When I pointed out in Q&A that all this had made some of us doubt the depth and sincerity of the administration's commitment to democracy in Iraq, his response was in part to cite the old cliché that it's better to be inside the tent pissing out, than outside pissing in. And while it's not clear what this means to people who will never be inside Dubya's tent, or Dick Cheney's, no matter what we do, he suggested that it would be good for those on the American left to demand that the administration hold true to its small-d democratic rhetoric -- even though the administration has shown no inclination to accomodate big-D Democratic demands of any kind whatever.

And in fact, there's something to his logic, at least as it applies to him. In politics, you can't always choose who you work with, and demanding that your allies agree with you in every particular leads you into the sins of Saint Ralph (viz. the comments here). In fact, it's not entirely out of the question that Makiya has private doubts about the quality of the administration which he is reluctant to air in any public or semipublic forum, for obvious reasons -- but nevertheless feels that by staying part of the process, he may be able to keep them away from errors they would otherwise slide into. (Though he certainly wouldn't, and didn't, hint at any such reservations to the likes of me).

But there is also a danger. The logic that "it would be worse without me" can justify collaboration with people a lot worse than Bill Clinton, or George Bush. Indeed, without equating those guys with the likes of Saddam, we can still suggest that at least a few of the people who collaborated with and enabled the Baath regime were following the same sort of reasoning. Conversely, a protest against the CPA's hamhandedness, its failure to find and engage with Iraqi allies on the ground, and so forth, would have a lot more impact from Kanan Makiya, than from the likes of me.

So, I imagine, for someone in Makiya's position, there must be indignities and reverses which must be endured to get anything done. You have to decide how much good you are actually doing by staying in volved in the process -- and how much toleration of hasty interim constitutions, corruption, pandering to theocrats, armed raids against civilians based on unsubstantiated rumors from informants (much as under the old regime), and so forth is worth that good.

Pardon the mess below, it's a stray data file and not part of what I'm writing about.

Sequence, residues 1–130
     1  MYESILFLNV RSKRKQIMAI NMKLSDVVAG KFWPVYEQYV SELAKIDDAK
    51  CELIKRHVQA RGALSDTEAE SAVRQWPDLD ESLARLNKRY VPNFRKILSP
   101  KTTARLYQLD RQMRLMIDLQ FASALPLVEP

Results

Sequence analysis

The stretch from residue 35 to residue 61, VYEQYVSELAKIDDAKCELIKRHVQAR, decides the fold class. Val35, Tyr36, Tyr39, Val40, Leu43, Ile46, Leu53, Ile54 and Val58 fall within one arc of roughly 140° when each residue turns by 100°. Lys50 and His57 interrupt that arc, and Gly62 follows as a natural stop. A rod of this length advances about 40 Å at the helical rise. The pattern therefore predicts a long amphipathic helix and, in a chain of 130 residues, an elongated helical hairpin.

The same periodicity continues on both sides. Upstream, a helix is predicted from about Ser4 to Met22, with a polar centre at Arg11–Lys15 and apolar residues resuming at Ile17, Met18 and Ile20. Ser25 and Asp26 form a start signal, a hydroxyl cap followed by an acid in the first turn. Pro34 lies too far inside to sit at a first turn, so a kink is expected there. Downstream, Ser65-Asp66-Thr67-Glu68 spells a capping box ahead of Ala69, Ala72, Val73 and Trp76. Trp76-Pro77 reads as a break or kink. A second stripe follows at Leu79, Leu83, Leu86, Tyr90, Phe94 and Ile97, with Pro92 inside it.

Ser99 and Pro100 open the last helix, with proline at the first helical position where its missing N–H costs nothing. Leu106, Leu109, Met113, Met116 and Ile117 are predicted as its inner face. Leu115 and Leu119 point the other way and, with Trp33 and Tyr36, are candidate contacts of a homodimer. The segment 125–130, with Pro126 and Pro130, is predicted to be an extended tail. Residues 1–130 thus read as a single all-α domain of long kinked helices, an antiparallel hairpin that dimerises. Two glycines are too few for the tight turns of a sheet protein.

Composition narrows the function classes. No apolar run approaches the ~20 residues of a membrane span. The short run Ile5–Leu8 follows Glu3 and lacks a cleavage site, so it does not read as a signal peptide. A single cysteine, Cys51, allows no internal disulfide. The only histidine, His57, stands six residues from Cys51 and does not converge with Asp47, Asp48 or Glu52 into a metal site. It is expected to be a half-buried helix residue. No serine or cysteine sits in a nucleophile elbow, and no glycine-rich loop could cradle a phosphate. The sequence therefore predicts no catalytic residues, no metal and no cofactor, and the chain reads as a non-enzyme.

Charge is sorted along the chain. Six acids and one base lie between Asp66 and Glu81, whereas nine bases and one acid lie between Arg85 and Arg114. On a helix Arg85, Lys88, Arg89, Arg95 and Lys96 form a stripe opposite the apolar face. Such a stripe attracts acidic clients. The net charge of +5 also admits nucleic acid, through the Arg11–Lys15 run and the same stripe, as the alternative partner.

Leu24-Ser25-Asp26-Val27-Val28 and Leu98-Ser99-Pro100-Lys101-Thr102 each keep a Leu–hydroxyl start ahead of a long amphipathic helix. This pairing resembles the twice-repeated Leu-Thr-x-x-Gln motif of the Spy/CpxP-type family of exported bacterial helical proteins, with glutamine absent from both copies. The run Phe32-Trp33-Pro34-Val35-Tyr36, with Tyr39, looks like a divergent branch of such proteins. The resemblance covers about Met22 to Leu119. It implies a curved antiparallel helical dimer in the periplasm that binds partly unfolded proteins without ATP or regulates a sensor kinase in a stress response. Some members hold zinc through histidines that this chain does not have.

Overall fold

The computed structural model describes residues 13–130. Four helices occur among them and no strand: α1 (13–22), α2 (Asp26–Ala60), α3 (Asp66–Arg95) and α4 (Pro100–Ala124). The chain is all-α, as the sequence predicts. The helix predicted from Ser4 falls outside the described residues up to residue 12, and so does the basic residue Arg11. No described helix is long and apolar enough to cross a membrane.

But on the other hand, from the American history even in this region in the past, it seems to me, there would have to be indignities and reverses which are too deep to be ignored. One might think, for instance, of the United States's unquestioned betrayal of the Shiite rebellion after Gulf War I, or Kissinger's earlier stab in the back of the Kurds -- both preceded by solemn promises and invocations of high ideals from American politicians who, when pushed, did not live up to them. So the awful part is that when you're dealing with these people directly, you can't always know what they are up to, and how firmly they are committed to it. There are no sharp lines between firm commitment and looking for the quick fix, or between looking for the quick fix and betraying democratic ideals entirely.

And so, at any point, you just have to guess how close you are to the line -- and whether you're doing more good by sticking with your current collaborators, flawed though they be, or by publicly holding them personally to account for their flaws, knowing (from their record) that the doors to the closed chambers will be forever sealed to you after that.

But the road Makiya is traveling is unmarked. No sign, no border post, marks that line.

For now, Makiya doesn't seem to think he's anywhere close to the line. But for that, he has nothing to go on but his own judgment. I don't envy him one bit.

Note: some light copy-editing to this post done late... e.g., switched link from Juan Cole's discussion of the IGC's establishment of Sharia law to Riverbend's...

Wednesday, January 14, 2004

Some folks are wondering whether Dubya's new space program is worth the money -- initially, at least, an extra $1 billion a year -- especially given the government's current financial straits. Tosh. He's simultaneously working on another "proposal, which would provide at least $1.5 billion for training to help couples develop interpersonal skills that sustain 'healthy marriages.'"